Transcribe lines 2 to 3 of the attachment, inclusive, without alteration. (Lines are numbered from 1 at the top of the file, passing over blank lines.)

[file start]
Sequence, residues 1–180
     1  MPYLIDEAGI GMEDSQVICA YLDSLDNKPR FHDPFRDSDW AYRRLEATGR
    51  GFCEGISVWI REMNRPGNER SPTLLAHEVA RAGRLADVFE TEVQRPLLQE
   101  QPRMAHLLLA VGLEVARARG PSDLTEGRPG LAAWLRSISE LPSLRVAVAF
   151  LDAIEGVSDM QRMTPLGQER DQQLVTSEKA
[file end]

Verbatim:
     1  MPYLIDEAGI GMEDSQVICA YLDSLDNKPR FHDPFRDSDW AYRRLEATGR
    51  GFCEGISVWI REMNRPGNER SPTLLAHEVA RAGRLADVFE TEVQRPLLQE